Apr 25 2022

“Anthill Mob” protecting hairy climate heroes at Ledmore and Migdale

A group of Woodland Trust volunteers nicknamed “The Anthill Mob” have rushed to the rescue of hairy climate heroes under threat from an invasive non-native plant.

Hairy wood ants boost the carbon absorption of woodland, but risk being overwhelmed by Gaultheria shallon, a garden plant that has gone wild to become a serious pest in lowland woodland around the UK.

Site manager Ross Watson set volunteers Chris and Meg Mellish the task of surveying for the nests of hairy wood ants over the winter at Ledmore and Migdale, in order that they can be avoided and protected during any future work at the site. The Sutherland wood is at the most northerly edge of the ants’ range. Over 50 anthills were found, but the survey also revealed an immediate threat to the insects.


Meg and Chris Mellish who surveyed for nests

Some of these newly discovered nests were surrounded by an invasive garden plant, Gaultheria shallon that is also threatening parts of the oakwood. The ants prefer sunny open glades that are south facing and so does the plant. If left unchecked, it forms dense thickets that exclude native vegetation. It would overwhelm our ant nests too if we let it.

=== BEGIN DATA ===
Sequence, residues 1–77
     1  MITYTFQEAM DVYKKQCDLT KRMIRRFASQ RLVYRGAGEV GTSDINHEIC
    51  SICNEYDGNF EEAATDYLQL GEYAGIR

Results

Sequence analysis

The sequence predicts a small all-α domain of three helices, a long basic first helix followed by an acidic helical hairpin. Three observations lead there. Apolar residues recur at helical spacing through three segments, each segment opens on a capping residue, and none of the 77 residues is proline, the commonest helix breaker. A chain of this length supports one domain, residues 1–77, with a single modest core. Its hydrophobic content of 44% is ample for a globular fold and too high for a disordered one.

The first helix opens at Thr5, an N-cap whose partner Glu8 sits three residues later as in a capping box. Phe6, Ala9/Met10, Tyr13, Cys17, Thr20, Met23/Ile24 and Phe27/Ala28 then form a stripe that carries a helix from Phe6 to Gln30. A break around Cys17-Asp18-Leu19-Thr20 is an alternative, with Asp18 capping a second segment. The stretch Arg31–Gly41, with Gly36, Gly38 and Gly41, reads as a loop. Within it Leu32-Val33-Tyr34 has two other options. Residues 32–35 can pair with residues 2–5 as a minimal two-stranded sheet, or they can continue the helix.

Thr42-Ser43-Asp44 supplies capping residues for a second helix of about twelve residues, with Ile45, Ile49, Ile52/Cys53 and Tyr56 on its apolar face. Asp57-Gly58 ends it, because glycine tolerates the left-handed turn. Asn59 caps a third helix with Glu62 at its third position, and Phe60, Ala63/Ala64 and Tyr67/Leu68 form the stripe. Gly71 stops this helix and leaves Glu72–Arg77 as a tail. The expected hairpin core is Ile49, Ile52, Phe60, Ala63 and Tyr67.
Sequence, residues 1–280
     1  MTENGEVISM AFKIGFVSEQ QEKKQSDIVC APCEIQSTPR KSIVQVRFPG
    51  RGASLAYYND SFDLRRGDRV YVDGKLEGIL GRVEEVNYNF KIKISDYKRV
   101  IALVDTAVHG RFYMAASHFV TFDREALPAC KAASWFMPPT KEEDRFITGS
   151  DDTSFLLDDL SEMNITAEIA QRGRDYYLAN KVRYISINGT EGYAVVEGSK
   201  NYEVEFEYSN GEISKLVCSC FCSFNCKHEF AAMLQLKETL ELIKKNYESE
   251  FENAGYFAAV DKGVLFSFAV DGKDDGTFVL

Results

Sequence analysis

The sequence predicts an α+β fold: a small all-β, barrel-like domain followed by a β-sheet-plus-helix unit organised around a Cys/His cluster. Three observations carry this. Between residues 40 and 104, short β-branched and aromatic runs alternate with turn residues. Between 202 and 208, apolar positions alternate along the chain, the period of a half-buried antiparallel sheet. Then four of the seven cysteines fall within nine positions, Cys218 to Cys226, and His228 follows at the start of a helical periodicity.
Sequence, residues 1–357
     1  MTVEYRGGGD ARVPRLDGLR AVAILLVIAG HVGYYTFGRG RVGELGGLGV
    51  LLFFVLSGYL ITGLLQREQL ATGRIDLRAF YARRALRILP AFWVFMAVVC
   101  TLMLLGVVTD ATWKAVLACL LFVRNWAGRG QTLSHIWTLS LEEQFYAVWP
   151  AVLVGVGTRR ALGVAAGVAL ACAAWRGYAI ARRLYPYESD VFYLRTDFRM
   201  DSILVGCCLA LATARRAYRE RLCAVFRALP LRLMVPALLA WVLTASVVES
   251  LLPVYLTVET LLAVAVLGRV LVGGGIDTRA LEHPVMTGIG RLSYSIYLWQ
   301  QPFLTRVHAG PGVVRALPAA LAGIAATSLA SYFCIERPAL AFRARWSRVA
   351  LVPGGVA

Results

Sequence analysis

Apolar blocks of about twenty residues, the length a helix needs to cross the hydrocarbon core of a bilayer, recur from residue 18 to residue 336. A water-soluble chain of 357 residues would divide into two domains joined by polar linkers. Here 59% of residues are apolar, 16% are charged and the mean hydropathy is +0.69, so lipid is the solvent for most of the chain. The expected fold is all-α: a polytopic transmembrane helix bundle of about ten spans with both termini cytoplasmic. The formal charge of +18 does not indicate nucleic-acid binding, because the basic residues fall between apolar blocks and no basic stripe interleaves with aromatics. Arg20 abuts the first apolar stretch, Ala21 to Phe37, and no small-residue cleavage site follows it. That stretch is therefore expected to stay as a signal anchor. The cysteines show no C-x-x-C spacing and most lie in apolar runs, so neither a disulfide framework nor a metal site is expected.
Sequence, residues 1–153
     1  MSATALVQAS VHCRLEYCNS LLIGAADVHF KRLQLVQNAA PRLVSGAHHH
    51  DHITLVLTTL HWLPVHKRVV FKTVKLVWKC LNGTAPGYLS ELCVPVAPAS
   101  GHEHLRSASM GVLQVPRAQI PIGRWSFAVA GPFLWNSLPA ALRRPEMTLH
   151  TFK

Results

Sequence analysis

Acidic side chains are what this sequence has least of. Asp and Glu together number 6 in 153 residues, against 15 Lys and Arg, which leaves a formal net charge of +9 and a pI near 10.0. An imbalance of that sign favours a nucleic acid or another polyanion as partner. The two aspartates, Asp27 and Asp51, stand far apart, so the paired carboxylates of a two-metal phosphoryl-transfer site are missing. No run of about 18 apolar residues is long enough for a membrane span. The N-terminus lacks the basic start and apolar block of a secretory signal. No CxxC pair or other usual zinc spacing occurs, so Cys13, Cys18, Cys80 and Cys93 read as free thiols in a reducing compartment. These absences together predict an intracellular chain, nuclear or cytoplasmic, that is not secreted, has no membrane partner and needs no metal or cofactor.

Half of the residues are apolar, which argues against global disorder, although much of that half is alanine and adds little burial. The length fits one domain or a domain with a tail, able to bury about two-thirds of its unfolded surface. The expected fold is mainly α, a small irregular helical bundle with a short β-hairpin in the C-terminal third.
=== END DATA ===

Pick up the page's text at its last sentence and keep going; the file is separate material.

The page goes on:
Anthill with invasive plant visible around the edge.

Chris and Meg were joined by more helpers to become a Gaultheria clearance squad aka The Anthill Mob. This Spring they have been manually removing the plant from around the anthills.


Ross Watson, Chris Mellish, Anna Currall and Meg Mellish – The Anthill Mob! Pic by Cherry Alexander/ArcticPhoto.

A common garden plant, it spreads to the wild when birds eat its berries passing the seeds out in their droppings. Once one plant is established it spreads via underground stems.

The hairy wood ant (Formica lugubris) collects large quantities of honeydew from sap sucking aphids in trees. This honeydew is a major source of carbohydrate for the adult workers and represents a significant input of carbon into soils in forests where they live.

A close relative of the hairy wood ant has been shown to account for up to 39kg of carbon per hectare per year.

Aside from their carbon capturing role, wood ants are a keystone species affecting many other organisms. They remove insect pest species from trees and provide food for other animals including capercaillie and badgers.

Wood ants eat a variety of other insects including caterpillars and beetles, but the bulk of their diet is made up of honeydew they “milk” from aphids. In return the ants protect the aphids from predators. Wood ants are commonly seen moving up the trunks of pine trees to collect honeydew from pine aphids living high in the canopy.

This is a great example of how biodiverse ancient woodlands can capture and store more carbon. It also shows the vital role our volunteers play. Without the time and care from Chris, Meg and the others these nests may well have been lost.


Hairy Wood Ants. Pic by Cherry Alexander/ArcticPhoto

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